North Atlantic Clam That Lives for Centuries Yields Insights on Cardiac Aging
A hard-shell, North Atlantic clam with a centuries-long lifespan is yielding insights on cardiovascular aging that could potentially extend to mammals (including humans). Since age is a major risk factor for heart and blood vessel disease in people—the leading cause of illness and death—investigations in long-lived species may help us to understand more about cardiovascular aging. The research team published their findings from this first study on age-related changes in the hearts of these mollusks in The Journals of Gerontology, Series A, Biological Sciences and Medical Sciences. The study was sponsored by the National Center for Complementary and Integrative Health (formerly NCCAM), the American Heart Association, the National Institute on Aging, and others.
The typical heart in aquatic invertebrate animals such as clams, oysters, and mussels has many strong similarities to the human heart. The Arctica islandica, or ocean quahog, is the longest-living, non-colony-dwelling animal ever identified; so far, the oldest identified specimen survived to age 508 (age is identified by counting shell growth rings).
In this study, the researchers harvested A. islandica specimens from an inlet off Belfast, Northern Ireland. They divided those specimens into four age groups (noting that the oldest one found was 182 years) and, through a cross-sectional study, related their findings to some existing hypotheses about biological aging and cardiovascular aging. In mammals, hypotheses suggest that features of aging include accumulation of proteins that have been modified by oxidation; a decrease in the ability of the body to breakdown and remove proteins damaged by oxidation through the ubiquitin-proteasome system; a decrease in heat shock proteins, which regulate stress resistance and life span; and mitochondrial decay.
Among the study’s findings:
- Oxidative protein damage. The levels of oxidatively damaged proteins in the clams did not increase significantly up to 120 years of age, and then gradually increased.
- Proteasome activity. No significant relationship was seen with age for two of the three types of proteasome activities (trypsin-like and caspase-like), which seemed to indicate that the ubiquitin-proteasome pathway was largely preserved. But for chymotrypsin-like activity there was evidence during early life of a positive association between cardiac muscle protease activity and age.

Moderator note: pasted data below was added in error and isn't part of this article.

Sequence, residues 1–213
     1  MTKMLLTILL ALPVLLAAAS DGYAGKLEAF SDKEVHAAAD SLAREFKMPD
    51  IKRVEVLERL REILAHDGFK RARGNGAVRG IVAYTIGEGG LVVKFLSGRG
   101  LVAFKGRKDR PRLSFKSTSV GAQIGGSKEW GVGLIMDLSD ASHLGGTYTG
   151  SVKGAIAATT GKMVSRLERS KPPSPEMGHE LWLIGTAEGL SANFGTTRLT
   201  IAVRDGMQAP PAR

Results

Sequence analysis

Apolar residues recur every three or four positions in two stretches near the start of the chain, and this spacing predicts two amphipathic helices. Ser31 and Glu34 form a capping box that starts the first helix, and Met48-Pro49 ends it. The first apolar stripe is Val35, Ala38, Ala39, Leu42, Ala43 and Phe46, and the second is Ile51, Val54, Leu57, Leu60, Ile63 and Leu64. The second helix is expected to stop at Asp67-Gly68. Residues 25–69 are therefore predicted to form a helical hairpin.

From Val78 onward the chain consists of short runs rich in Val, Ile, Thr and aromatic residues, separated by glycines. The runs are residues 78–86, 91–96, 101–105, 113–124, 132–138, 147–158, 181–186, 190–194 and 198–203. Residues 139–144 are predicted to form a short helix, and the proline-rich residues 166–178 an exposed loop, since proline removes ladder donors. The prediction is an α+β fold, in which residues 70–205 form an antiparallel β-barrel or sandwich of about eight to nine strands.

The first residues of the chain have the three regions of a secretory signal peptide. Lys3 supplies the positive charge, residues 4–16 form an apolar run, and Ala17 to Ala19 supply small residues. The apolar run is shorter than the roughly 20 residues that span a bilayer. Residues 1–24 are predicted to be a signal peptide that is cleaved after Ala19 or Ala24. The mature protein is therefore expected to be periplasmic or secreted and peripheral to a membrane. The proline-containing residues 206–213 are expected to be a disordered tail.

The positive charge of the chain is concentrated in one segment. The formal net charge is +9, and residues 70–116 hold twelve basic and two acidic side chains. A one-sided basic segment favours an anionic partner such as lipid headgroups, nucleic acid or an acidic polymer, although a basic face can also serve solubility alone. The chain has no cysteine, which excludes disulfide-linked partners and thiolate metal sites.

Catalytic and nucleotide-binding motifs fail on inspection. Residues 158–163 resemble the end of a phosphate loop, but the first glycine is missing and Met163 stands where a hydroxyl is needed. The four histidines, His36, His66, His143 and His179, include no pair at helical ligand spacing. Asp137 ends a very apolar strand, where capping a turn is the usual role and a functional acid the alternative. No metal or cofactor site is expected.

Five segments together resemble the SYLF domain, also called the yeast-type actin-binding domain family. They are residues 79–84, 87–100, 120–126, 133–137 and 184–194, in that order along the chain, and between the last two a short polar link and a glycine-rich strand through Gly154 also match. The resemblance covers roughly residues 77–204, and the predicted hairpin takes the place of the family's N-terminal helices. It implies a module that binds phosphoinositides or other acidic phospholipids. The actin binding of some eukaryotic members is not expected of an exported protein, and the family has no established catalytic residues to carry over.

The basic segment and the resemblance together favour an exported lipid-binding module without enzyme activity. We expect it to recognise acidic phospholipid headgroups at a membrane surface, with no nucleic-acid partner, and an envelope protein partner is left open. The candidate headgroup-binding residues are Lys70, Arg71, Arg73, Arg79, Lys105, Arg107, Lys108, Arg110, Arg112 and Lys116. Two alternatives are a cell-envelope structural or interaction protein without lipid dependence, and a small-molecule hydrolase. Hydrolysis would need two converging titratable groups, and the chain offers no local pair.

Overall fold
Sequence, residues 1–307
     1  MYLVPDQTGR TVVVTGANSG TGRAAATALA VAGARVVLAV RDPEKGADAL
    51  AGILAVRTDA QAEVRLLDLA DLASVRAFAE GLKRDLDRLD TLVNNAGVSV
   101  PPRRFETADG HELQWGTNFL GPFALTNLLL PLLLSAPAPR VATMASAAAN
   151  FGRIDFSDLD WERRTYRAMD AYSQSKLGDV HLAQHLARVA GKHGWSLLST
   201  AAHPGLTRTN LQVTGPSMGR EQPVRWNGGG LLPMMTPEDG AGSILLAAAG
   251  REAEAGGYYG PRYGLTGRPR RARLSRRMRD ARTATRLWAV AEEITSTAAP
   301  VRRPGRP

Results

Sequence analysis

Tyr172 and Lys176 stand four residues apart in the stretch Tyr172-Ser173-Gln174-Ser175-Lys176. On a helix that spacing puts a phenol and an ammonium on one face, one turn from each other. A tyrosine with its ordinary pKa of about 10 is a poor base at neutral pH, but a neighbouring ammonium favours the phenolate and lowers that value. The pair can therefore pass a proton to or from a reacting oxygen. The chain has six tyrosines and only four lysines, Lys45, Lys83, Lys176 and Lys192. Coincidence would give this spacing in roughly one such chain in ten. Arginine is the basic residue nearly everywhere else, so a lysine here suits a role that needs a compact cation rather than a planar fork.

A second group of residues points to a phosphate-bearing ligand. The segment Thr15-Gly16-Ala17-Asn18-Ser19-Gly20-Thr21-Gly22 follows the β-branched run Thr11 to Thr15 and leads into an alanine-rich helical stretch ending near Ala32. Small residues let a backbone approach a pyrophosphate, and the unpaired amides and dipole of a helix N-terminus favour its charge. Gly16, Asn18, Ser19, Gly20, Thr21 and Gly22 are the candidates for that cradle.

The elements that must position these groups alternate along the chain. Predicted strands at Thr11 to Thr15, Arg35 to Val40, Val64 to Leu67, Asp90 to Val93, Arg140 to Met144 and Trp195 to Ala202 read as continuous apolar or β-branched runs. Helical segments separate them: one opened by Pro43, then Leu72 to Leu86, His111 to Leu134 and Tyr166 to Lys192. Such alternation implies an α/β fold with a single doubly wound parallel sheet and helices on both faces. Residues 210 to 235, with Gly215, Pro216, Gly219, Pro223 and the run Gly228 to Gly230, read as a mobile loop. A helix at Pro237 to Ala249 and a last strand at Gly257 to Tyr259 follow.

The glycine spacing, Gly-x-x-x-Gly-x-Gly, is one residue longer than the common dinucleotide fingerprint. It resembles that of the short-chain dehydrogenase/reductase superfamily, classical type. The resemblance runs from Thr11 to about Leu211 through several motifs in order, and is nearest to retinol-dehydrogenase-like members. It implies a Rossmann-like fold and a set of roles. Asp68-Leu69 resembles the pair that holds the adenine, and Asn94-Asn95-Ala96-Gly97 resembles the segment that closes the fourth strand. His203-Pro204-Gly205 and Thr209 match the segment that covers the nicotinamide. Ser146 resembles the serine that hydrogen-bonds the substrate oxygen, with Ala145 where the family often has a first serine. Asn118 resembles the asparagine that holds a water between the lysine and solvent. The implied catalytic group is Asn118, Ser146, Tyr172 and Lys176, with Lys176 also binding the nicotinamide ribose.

- Extent of protein ubiquitination. The team found no significant relationship between age and the extent of protein ubiquitination.
- Expression of heat shock proteins (HSPs). Looking at variation with age in the expression of four HSPs, they found significant change in one (HSP90, consisting of a decline in early life).
- Expression of mitochondrial electron transport chain (ETC) complexes. Five ETC complexes were examined; all declined in early life, with no significant reductions later in life.
- These findings, taken together with results of previous studies on extremely long-lived bivalves, add support to the hypothesis that successfully aging species exhibit more efficient cellular stress resistance mechanisms than shorter-living ones and can maintain long-term protein homeostasis and mitochondrial integrity, which may contribute to successful cardiac aging across the phyla. The authors call for further studies investigating cardiovascular aging in animal models of extreme longevity.
- Sosnowska D, Richardson C, Sonntag WE, et al. A heart that beats for 500 years: age-related changes in cardiac proteasome activity, oxidative protein damage and expression of heat shock proteins, inflammatory factors, and mitochondrial complexes in Arctica islandica, the longest-living noncolonial animal. Journals of Gerontology, Series A, Biological Sciences and Medical Sciences. 2014;69(12):1448–1461.
Publication Date: December 17, 2014